The $19.1 billion disaster aid bill that expected to pass by unanimous consent, was derailed by lone Republican.
Representative Chip Roy (R-Tex.) voted to block the legislation Friday, which has the support of President Trump and easily passed the Senate (85-8) the day before. Roy disagreed with passing the measure without a roll call vote. House Democrats had hoped to push the legislation through in a special session, skipping the regular voting process because lawmakers had already left for the Memorial Day recess. According to NPR, the procedural vote required the consent of every House member, but just one person to object.
“The primary objection is really that we didn’t have a chance to vote. It’s the people’s House,” congressman Roy said. “We’re not elected to have things pass through consent without debate. We should have had a vigorous debate and we should have a debate about why we’re not securing the border and why we’re spending money we don’t have,” he told reporters outside the Capitol.
The Senate reached an agreement on the legislation last week after months of negotiations, including strong objections from President Trump over funding in the legislation for Puerto Rico, NPR reports.
The bill would provide about $900 million to the island, which was ravaged by Hurricane Maria in 2017. That money would go toward nutrition assistance and a community development. Residents lost their food stamp payments after the program’s emergency funding expired in March.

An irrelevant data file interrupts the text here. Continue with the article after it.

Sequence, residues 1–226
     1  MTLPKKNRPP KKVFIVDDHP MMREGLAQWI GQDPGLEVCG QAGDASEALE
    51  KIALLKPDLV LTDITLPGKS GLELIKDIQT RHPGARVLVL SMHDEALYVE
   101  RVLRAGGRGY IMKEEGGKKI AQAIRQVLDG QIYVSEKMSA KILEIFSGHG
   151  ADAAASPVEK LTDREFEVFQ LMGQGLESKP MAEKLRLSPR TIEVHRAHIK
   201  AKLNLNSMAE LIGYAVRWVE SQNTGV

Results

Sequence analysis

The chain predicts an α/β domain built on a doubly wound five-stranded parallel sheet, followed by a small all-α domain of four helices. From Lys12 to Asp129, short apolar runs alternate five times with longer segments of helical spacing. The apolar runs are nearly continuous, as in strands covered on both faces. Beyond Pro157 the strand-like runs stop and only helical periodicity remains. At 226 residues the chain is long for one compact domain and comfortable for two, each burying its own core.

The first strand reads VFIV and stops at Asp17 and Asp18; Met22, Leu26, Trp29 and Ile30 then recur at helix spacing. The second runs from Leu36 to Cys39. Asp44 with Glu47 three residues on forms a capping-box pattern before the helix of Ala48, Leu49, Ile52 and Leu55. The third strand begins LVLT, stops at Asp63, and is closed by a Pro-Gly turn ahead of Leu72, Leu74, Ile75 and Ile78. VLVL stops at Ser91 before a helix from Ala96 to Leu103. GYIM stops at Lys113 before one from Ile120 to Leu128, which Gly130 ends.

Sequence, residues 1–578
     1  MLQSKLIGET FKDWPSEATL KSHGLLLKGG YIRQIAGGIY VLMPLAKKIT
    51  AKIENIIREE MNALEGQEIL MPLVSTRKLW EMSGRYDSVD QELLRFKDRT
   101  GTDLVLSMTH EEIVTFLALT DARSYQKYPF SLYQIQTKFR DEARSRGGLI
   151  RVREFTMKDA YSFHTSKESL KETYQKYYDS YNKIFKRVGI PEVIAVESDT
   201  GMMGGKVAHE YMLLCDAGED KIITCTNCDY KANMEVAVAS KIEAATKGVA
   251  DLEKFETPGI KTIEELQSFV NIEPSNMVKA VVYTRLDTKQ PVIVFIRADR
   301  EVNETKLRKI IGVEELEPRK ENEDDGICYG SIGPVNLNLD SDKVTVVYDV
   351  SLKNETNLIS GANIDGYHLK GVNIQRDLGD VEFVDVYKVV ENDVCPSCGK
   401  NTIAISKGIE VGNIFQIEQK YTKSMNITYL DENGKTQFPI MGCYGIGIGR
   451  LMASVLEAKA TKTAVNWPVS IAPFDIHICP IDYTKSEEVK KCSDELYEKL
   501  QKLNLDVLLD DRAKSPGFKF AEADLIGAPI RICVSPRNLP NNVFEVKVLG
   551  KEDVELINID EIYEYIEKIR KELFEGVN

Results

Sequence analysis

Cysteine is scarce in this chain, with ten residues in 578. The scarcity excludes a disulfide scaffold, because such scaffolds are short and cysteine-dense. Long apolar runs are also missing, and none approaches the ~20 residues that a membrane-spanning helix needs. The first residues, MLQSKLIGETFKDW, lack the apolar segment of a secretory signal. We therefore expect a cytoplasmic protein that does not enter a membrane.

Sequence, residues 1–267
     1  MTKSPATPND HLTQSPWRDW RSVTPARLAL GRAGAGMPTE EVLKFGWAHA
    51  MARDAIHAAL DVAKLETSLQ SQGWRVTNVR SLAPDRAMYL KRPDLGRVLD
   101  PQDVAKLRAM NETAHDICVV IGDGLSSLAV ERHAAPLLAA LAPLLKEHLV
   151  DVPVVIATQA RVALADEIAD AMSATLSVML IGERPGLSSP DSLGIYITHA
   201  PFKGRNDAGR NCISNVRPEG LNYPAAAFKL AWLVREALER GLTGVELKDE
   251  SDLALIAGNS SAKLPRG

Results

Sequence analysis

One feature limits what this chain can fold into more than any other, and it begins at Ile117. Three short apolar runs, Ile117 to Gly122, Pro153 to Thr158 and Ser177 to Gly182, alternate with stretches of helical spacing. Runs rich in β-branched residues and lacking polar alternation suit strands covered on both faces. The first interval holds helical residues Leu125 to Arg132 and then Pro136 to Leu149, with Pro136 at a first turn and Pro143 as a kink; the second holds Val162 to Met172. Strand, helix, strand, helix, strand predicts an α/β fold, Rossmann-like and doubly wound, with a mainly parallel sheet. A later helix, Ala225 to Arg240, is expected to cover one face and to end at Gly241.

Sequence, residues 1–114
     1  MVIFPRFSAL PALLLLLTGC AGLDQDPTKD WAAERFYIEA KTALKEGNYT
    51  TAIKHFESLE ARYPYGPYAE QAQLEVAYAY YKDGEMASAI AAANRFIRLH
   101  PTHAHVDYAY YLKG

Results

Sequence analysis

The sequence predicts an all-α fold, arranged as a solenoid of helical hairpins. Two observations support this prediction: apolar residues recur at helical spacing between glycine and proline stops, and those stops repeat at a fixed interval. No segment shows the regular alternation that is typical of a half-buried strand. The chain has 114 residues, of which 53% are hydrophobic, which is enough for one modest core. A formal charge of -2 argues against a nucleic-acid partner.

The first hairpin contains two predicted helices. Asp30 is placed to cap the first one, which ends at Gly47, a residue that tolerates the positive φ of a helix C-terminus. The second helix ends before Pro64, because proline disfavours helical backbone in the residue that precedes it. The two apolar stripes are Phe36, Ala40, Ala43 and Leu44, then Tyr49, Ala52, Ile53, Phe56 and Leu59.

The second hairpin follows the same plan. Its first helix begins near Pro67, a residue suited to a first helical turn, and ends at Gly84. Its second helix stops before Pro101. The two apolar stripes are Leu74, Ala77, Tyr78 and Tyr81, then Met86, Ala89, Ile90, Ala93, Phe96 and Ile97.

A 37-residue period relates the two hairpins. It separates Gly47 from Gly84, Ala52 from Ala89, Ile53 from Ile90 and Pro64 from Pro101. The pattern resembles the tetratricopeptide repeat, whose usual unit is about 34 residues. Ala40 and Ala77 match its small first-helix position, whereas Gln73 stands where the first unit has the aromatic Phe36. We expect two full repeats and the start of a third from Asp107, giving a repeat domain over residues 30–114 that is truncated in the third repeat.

House Speaker Nancy Pelosi (D-CA) condemned the Republican action. “House Republicans’ last-minute sabotage of an overwhelmingly bipartisan disaster relief bill is an act of staggering political cynicism. Countless American families hit by devastating natural disasters across the country will now be denied the relief they urgently need,” Pelosi said in a statement.
Representative Jim Himes (D-CT) took to Twitter criticizing Roy’s move. “After months of work, a lone @gop congressman is depriving communities across the country of desperately needed disaster aid…”
The House might reconsider pushing the bill this week (in a special session), but it is most likely that they’ll put it to a vote once Congress returns on June 3.
According to ABC News, the compromise measure would provide disaster relief for hard-hit states ravaged by tornadoes, flooding, hurricanes, and wildfires in various parts of the country and is supported by Congressional Democrats and Republicans.